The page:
We can relapse, go through all of the struggles, waste time, and put our health and sometimes even our lives at risk. But a far better option is to discover what work we need to do to overcome the obsessions and disorders in our ways of thinking before those relapses begin.
There are many things you can do to arm yourself against strong physical cravings associated with addiction.
Disease is a physical affliction. Western science categorizes mental illness as an affliction.
In the first stage of quitting a particular behavior, you can immerse yourself in activities that are positive for your physical body (like yoga, exercising, and cleaning the house) that help you relax some of your natural anxieties and create new patterns.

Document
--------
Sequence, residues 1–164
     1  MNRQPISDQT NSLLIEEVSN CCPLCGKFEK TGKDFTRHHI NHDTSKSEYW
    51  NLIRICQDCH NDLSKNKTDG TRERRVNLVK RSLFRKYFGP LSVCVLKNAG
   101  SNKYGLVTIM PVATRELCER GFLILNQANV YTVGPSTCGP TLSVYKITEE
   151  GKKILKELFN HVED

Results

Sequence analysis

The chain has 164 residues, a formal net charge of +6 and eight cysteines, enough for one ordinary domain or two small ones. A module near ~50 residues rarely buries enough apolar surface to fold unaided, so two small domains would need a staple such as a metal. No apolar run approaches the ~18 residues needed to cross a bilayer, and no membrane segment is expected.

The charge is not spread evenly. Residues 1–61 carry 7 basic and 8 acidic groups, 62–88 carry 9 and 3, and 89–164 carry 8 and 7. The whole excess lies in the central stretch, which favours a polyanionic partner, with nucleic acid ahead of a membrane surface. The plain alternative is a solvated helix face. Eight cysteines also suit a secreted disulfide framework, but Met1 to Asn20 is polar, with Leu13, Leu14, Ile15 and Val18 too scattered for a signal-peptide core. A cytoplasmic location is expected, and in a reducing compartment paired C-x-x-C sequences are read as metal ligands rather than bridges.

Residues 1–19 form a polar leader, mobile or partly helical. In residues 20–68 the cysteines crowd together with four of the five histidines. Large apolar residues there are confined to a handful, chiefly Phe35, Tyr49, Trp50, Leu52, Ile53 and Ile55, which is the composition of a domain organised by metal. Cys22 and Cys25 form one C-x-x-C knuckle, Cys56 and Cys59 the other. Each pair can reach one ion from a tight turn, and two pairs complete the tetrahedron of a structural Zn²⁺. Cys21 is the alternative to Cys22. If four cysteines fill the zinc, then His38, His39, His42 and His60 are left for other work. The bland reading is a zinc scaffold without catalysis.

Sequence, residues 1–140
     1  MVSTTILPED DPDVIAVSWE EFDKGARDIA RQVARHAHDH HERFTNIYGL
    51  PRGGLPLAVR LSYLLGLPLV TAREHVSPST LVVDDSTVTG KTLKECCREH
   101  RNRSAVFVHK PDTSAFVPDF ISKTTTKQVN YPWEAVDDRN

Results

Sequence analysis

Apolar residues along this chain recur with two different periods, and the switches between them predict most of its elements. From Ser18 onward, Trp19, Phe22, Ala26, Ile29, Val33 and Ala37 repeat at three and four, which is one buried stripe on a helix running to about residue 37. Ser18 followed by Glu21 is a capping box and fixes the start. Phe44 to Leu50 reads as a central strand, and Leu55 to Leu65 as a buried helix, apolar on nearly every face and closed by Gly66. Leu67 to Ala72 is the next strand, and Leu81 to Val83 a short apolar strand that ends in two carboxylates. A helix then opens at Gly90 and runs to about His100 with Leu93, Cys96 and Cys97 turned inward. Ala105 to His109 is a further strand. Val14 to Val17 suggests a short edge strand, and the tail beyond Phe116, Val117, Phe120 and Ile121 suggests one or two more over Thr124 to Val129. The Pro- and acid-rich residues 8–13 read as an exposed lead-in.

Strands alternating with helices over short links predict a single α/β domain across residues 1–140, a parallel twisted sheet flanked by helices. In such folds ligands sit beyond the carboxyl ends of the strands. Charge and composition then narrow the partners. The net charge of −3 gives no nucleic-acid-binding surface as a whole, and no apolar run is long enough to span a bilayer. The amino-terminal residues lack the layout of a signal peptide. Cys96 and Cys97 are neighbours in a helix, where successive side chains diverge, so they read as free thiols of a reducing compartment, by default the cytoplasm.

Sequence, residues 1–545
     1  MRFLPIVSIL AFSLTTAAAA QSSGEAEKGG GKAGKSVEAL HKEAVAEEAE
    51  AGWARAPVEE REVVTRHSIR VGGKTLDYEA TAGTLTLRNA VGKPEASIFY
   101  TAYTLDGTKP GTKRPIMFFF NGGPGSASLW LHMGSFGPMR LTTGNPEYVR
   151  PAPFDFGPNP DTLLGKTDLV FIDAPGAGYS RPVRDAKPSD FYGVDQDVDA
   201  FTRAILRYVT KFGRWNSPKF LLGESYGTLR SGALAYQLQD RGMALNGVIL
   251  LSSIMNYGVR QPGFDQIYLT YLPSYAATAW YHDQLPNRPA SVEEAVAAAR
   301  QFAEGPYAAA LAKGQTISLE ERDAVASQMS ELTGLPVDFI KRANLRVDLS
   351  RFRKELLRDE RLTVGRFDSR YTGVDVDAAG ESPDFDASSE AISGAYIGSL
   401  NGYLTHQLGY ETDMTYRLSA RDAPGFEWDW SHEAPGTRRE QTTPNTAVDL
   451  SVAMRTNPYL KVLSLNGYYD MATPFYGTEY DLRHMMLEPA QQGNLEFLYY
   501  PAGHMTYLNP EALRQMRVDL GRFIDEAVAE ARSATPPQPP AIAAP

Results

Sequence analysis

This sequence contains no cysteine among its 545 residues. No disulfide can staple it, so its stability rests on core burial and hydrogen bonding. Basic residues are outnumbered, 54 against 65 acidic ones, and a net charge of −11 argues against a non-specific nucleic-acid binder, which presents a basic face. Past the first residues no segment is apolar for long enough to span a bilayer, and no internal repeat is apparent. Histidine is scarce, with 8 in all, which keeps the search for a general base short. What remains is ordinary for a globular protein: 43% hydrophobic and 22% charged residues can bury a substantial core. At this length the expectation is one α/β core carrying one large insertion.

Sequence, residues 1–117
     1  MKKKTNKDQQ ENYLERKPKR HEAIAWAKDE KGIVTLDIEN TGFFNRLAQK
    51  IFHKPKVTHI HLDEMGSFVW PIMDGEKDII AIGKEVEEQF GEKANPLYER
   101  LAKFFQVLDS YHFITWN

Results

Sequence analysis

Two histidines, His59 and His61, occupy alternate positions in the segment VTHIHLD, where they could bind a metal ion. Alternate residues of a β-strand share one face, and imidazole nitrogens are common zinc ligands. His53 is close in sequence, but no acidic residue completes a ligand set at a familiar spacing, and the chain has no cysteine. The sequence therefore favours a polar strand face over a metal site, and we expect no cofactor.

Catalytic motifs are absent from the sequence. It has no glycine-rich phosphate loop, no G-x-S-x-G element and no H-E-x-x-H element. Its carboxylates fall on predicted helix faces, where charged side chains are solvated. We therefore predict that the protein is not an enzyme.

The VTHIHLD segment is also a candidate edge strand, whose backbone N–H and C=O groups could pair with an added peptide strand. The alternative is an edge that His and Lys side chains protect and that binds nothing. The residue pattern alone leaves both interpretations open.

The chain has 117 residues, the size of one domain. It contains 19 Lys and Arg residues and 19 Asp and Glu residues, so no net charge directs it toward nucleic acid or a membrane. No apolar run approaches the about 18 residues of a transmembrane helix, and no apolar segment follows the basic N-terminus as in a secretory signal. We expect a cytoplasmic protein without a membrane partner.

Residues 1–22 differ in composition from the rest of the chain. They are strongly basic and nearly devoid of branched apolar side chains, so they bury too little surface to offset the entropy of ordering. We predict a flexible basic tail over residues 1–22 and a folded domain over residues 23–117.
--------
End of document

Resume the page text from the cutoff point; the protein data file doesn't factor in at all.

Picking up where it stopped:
In many ways an addiction to anything is a solution to our original problems of feeling pain and not being able to cope with a variety of negative feelings. No matter how you describe the addiction scenario, it’s really that simple.
Each day, constantly strive to take as many right actions as possible. Then in the evening you will have a positive attitude as you go to sleep and dream.
Some find healing by changing their behavior and devoting their lives to service work, doing good and positive things.
We human beings will naturally become addicted to anything that makes us feel good. But our addictions become a problem when they are self-destructive or destructive to the world.
In order for a person to become mentally healthy they have to participate in the process of healing. It is ultimately up to us to take the initiative to help ourselves. When we do so, we can go out and look for others to help us. And we can look outside of ourselves to things such as philosophy and religion to lift us up.
A deep-seated desire to promote our own growth and outgrow specific behaviors, combined with a bottom of some kind, could lead to the exact moment when a person is ready to surrender a dependency or addiction that doesn’t serve them.